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Kota Kinabalu, Malaysia, November 24: Australian David Gleeson edged closer to his fourth Asian Tour victory after rolling in a clutch par putt from 12 feet on the last to seize the outright lead following the penultimate round of the Sabah Masters on Sunday morning.

The 41-year-old Gleeson, who was one-under-par through eight holes and three shots off the lead when play was suspended on Saturday, returned to par the ninth hole before firing three birdies against a bogey on his back nine for a three-under-par 68.

David Gleeson of Australia

Gleeson compiled a three-day total of 10-under-par 203 to lead by one shot over Phachara Khongwatmai of Thailand, who stumbled with a closing double-bogey to sign for a 71 which saw him fall off the lead for the first time at the Sutera Harbour Golf and Country Club.

Chinese Taipei’s Wang Wei-lun battled to a 70 to share third place with India’s Udayan Mane and Jakraphan Premsirigorn of Thailand on matching 205s in the US$300,000 event, which is supported by the Tourism Malaysia with an aim to boost tourism in Sabah.

With more than seven hours of play lost due to inclement weather over the last three days and expected rain in the afternoon, Tour officials have earlier made a decision for the tournament to spill into Monday if the final group managed to complete 13 holes when play is suspended on Sunday.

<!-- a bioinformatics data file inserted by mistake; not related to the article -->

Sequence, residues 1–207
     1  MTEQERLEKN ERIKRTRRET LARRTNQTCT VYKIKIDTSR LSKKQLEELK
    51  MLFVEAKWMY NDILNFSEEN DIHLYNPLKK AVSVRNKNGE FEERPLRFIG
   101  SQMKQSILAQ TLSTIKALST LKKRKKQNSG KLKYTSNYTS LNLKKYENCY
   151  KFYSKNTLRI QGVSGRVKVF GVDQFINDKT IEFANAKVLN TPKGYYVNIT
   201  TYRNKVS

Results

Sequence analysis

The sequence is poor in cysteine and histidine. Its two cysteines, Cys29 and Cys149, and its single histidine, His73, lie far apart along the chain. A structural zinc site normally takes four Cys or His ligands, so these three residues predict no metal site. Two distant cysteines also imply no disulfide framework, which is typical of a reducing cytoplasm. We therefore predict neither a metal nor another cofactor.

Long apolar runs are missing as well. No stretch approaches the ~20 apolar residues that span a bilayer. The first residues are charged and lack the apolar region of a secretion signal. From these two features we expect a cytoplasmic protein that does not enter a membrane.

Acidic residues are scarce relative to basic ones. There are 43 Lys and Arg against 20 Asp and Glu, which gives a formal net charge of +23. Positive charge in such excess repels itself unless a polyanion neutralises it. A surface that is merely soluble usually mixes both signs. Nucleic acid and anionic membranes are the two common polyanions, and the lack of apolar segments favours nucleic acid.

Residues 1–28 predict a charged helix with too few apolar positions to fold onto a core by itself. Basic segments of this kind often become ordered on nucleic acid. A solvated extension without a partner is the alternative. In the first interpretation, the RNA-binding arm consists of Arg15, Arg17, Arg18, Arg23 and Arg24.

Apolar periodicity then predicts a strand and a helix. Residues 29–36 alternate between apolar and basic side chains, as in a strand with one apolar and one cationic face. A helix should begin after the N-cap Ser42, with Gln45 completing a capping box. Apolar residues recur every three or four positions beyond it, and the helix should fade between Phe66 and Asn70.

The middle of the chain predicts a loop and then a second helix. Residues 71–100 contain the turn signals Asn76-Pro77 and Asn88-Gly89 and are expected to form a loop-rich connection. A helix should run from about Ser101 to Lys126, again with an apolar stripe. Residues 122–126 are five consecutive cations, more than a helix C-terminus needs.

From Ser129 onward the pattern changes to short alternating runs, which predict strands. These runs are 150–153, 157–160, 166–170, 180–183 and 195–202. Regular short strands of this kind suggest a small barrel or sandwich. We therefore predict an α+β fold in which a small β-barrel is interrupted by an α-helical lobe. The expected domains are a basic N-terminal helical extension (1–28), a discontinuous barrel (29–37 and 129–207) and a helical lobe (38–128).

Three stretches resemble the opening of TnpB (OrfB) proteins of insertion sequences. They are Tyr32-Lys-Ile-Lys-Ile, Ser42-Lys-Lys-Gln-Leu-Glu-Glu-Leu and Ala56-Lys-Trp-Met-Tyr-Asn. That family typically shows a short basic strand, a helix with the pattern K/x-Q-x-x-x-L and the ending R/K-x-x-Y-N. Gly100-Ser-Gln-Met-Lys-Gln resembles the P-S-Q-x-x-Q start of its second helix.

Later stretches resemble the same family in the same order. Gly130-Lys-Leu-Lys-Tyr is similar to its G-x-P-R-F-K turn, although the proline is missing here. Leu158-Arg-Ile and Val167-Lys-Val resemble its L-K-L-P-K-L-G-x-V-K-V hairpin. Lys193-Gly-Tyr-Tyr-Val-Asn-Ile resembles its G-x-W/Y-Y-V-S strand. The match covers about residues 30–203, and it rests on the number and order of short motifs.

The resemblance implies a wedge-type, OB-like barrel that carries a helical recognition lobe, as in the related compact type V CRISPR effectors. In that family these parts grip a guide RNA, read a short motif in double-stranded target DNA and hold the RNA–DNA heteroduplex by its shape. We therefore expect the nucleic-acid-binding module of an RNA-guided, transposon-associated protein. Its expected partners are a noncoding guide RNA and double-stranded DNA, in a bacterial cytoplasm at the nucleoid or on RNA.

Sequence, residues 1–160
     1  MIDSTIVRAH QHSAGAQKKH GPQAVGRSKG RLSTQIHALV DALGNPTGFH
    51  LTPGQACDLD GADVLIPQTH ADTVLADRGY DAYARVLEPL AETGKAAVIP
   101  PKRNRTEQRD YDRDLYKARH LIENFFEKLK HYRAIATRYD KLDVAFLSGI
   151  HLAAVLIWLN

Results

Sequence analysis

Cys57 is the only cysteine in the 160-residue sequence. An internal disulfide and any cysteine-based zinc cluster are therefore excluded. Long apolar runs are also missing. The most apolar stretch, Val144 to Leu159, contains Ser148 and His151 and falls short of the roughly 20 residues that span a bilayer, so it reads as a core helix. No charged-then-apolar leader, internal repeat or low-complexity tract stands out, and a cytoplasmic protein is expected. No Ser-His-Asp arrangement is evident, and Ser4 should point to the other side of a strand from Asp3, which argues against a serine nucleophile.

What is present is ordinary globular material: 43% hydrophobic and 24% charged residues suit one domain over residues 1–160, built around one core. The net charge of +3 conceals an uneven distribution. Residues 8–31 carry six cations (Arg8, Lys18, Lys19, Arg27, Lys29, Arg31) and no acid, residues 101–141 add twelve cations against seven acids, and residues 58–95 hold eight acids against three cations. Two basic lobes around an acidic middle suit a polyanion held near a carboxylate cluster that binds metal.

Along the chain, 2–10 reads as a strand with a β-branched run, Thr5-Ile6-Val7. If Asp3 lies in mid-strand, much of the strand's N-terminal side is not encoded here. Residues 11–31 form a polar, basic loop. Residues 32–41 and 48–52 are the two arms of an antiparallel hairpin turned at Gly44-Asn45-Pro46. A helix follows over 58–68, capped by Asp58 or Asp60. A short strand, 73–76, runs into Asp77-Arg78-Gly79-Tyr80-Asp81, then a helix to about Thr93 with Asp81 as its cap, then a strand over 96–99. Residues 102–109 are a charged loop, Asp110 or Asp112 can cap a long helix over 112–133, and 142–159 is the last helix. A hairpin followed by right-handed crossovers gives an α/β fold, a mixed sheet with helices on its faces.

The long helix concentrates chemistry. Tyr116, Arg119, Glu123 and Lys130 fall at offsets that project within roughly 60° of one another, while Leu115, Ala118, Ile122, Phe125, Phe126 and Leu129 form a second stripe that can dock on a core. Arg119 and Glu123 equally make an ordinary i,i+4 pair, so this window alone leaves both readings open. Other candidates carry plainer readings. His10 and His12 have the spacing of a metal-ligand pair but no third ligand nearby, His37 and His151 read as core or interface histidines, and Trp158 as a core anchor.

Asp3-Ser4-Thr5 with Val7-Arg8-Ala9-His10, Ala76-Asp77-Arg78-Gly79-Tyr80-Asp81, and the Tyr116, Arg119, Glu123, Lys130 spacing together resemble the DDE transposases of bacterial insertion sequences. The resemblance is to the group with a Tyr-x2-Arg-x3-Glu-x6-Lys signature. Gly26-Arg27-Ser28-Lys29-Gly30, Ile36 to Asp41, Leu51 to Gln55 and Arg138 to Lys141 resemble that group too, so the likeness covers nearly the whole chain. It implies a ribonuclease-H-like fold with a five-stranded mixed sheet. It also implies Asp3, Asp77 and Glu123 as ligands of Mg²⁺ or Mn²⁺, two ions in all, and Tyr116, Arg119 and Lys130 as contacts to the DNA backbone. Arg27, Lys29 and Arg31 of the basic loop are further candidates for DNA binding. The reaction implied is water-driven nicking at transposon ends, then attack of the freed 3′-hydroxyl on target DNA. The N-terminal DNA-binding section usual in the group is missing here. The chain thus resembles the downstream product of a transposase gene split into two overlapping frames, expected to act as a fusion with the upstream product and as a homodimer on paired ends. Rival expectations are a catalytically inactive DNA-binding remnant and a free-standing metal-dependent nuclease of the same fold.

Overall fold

Should the final group, featuring Phachara, Dongha Lee and Sungho Lee, fail to get in at least 13 holes on Sunday, the fourth round will be cancelled and the tournament results will be based on the 54-hole scores.

Round 4 is in progress. For live scores, please click here.

Phachara Khongwatmai of Thailand


Published on November 23, 2019

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Kota Kinabalu, Malaysia, November 23: Young Thai talent Phachara Khongwatmai returned on Saturday morning to complete the remaining four holes of his second round and sign for a four-under-par 67 to grab a two-shot halfway lead at the Sabah Masters.